Purify Your Life With 17th-Century German Jewish Magic!


If you like your self-help books to feature Medieval Jewish magic, The Book of Abramelin is for you.

Thought to have been written by the German Jewish Talmudist Rabbi Yaakov Moelin around 1608, The Book of Abramelin tells the story of a 15th-century Egyptian mage named Abramelin, who teaches magical and Kabbalistic secrets to Abraham of Worms, a German Jew, who then teaches said magic to his son.

The book describes an elaborate, endlessly complicated ritual, the purpose of which is to obtain “knowledge and conversation” from the practitioner’s “guardian angel.” It involves 18 months of preparation, during which celibacy and abstinence from alcohol must be observed.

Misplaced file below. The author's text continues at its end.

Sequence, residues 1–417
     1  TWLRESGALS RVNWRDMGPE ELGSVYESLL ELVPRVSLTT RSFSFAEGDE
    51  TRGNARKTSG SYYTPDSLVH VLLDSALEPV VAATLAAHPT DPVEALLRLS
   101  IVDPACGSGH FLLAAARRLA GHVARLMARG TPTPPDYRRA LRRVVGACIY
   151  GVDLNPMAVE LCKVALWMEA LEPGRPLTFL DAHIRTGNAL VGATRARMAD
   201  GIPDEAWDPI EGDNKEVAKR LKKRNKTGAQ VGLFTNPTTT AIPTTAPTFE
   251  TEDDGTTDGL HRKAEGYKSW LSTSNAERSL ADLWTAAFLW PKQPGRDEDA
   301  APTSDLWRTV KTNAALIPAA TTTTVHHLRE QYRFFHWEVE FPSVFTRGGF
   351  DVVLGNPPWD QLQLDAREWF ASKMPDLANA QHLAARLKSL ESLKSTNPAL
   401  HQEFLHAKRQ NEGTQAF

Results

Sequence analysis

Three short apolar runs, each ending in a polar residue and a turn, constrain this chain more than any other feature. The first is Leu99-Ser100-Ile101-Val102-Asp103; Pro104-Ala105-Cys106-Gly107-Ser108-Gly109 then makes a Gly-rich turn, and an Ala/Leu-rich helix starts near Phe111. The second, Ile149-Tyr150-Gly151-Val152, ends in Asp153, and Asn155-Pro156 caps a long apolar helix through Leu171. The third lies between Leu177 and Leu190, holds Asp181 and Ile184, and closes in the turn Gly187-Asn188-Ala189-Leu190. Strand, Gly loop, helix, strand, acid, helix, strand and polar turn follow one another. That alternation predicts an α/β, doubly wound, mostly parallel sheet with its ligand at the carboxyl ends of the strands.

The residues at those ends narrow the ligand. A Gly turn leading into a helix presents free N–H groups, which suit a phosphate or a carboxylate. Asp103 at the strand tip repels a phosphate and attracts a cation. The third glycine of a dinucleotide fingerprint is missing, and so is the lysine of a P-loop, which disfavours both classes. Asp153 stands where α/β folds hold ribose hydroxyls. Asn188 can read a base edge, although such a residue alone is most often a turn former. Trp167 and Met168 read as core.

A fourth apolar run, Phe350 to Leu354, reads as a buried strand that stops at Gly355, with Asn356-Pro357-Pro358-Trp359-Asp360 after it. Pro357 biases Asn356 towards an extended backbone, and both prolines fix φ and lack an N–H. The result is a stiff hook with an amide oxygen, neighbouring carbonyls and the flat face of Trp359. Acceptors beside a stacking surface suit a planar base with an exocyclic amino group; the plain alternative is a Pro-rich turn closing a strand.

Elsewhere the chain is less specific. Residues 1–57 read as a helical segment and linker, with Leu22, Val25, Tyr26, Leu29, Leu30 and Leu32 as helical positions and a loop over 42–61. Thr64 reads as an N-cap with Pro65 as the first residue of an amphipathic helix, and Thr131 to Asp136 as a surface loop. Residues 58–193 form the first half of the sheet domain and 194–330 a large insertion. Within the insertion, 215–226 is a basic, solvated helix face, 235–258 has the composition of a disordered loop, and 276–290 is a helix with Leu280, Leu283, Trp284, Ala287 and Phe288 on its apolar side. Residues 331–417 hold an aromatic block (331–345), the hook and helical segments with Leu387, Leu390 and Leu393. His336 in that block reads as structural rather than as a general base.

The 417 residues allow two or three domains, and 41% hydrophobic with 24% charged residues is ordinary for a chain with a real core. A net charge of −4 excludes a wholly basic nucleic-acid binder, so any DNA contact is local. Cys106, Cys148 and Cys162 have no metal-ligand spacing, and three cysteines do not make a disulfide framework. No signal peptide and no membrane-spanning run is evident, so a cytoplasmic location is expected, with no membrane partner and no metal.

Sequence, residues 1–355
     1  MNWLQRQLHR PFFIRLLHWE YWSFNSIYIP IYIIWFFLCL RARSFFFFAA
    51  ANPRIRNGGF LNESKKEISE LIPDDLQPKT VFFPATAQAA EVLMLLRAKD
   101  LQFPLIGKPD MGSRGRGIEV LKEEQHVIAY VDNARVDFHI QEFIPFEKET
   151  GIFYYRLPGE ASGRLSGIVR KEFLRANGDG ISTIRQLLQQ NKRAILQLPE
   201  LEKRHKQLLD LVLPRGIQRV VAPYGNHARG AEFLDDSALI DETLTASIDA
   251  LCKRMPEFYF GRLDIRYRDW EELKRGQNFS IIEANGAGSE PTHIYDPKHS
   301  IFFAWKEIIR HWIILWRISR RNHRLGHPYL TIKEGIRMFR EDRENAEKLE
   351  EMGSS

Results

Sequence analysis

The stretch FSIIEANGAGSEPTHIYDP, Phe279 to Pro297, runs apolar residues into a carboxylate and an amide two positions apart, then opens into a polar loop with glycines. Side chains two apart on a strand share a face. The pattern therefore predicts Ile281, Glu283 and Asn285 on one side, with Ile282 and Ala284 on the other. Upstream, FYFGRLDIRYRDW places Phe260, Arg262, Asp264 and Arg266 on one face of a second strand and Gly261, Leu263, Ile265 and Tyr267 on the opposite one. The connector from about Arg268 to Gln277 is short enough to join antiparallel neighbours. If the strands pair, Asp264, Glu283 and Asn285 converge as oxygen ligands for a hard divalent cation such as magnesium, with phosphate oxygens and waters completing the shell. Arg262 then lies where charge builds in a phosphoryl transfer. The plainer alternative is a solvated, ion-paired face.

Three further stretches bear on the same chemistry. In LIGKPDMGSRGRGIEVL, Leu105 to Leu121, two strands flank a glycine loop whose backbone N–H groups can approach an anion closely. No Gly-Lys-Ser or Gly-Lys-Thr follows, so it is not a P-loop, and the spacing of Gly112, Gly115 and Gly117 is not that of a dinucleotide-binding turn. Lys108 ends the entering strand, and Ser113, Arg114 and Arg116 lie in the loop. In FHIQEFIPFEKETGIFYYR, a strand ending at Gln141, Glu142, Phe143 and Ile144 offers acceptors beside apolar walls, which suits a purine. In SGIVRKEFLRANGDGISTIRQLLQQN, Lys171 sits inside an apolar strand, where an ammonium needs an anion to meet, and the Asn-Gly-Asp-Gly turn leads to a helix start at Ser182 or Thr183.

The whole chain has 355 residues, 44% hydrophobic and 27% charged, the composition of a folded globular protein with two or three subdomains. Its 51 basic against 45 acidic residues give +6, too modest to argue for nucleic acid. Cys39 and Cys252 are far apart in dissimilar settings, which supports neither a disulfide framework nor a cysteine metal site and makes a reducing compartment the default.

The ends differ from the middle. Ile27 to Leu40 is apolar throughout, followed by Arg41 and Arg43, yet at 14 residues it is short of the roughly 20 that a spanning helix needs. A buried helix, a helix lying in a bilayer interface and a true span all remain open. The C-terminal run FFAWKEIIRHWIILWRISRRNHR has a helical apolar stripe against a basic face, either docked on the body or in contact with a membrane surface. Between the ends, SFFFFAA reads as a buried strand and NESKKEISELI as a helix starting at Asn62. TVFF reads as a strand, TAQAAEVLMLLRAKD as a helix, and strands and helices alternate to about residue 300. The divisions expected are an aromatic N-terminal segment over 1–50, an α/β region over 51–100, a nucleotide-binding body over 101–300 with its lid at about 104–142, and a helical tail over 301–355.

All that’s topped off by a trip through the netherworld: Following the year-and-a-half of preparation, the mage summons and mentally conquers the “12 Kings and Dukes of Hell”—which include fun friends from the Talmud like Balaam the talking donkey—and banishes such negative influences from his (or, if you’d like, her) life.

It’s all worth it, though. Abramelin promises that if all of this is accomplished, the rewards include: the ability to find buried treasure, to cast love charms, become invisible, and even the power of flight.

A fictionalized account of the ritual takes place in the chilling 2016 Irish film A Dark Song. Let us know if you, too, decide try it at home.

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